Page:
Given the size of the network — thousands of miles of fiber optic cable would be laid — Google said advanced planning is necessary so city officials are not overwhelmed and work can be done efficiently and smoothly.

"We need to understand what it would take to build in Tampa," said Szuchmacher. "It's all very in the weeds kind of technical and engineering detail. But those are the kinds of things that we really need to understand. … It can be disruptive for a community that is not ready for it."

Google isn't offering faster speeds through any leap in the technology. Instead, it uses existing technology in a way other providers currently don't in most markets.

"There's plenty of fiber optic cable in America already," the company said in pamphlet about Google Fiber. "But very little of it goes directly to homes — so this means your Internet signal travels at Autobahn speeds for most of its journey, but then slows down as it gets near your house."

Google Fiber could be a game-changer in Tampa where two providers, Verizon and Bright House, currently provide Internet at speeds at least half as fast as Google with most of their customers far closer to the national average of 11.9 megabits per second.

In cities where Google has introduced its service, competitors quickly reacted with cheaper, speedier plans.

Consider Austin, Texas, one of three cities where Google Fiber already is available. Four Austin providers now offer gigabit Internet speeds, Google said.

Google also challenges existing providers by offering a basic Internet plan with speeds of just 5 megabits for downloads. It charges a one-time $300 installation fee but then provides service at no monthly cost.

Telecommunications analyst Jeff Kagan said Verizon and Bright House will probably respond to the competition and beef up their own offerings. That, he said, has certainly happened elsewhere.

A response may not come from Verizon or Bright House per se. That is because Charter Communications announced in May it plans a merger with Bright House and Time Warner Cable. And earlier this year, Frontier Communications said it was buying the regional Internet and cable TV assets of Verizon FIOS, including Verizon's Florida business.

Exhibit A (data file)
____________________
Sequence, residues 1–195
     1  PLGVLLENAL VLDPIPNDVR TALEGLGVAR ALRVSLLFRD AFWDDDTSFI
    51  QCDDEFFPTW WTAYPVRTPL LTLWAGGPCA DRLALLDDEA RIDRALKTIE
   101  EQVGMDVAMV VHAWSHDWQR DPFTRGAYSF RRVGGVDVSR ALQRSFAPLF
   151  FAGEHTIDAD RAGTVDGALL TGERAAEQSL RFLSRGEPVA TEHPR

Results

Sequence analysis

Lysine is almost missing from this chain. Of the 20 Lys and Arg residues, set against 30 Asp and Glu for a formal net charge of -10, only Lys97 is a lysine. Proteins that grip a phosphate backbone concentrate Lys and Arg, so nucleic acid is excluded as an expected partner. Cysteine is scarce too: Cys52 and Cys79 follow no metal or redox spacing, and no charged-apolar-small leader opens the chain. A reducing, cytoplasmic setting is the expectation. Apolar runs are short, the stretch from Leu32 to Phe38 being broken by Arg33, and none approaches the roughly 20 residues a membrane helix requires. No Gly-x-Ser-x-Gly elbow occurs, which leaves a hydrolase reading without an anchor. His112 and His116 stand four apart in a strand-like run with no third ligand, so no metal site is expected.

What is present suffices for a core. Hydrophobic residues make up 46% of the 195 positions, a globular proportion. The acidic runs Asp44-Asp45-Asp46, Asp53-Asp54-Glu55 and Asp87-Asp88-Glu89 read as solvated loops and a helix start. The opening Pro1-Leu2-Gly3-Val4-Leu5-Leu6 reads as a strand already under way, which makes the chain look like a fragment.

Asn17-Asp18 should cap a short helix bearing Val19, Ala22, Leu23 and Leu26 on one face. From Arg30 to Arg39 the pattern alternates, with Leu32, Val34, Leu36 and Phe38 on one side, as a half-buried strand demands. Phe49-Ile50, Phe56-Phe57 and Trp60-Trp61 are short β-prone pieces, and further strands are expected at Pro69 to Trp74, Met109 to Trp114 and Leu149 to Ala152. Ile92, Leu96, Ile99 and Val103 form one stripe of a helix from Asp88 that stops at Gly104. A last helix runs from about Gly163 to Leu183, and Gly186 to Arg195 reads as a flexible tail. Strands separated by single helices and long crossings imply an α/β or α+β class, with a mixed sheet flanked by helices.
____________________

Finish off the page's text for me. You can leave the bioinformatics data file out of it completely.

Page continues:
"I think we're going to see more choices from providers in most of these major metro areas" that Google is targeting, Kagan said. "As the years go by, consumers want more and more services, and they need more and more speed."

He said he once thought Google's foray into Internet was just a way a company built around a search engine could make a point to traditional providers about online speeds. The nation's Internet speed ranks 20th in the world.

"Google may have started with that in mind," Kagan said. "But they're actually turning it into a business."

Don't expect the data ceiling to top out at a gigabit. Chattanooga, Tenn., this week announced it would offer 10-gigabit Internet service in a project that isn't tied to Google. That city already offers residents a 1-gigabit plan.

The timing of Wednesday's announcement was a bit awkward for Google.

Google Fiber suffered an outage in Kansas City on Tuesday night during the World Series game between the New York Mets and Kansas City Royals. Google apologized but didn't provide a reason for the outage, which may not have affected all customers.

The glitch was fixed within an hour for most customers, Google said.

Buckhorn thinks his own family would benefit from faster Internet at home, especially his daughters, age 10 and 14, who frequently spend time on social media websites.

How fast is his Internet speed at home? Buckhorn joked, "That's hard to tell because my daughters are on Instagram every night, all night practically."

Times researcher John Martin and staff writer Robert Trigaux contributed to this report. Contact William R. Levesque at [email protected] Follow @Times_Levesque.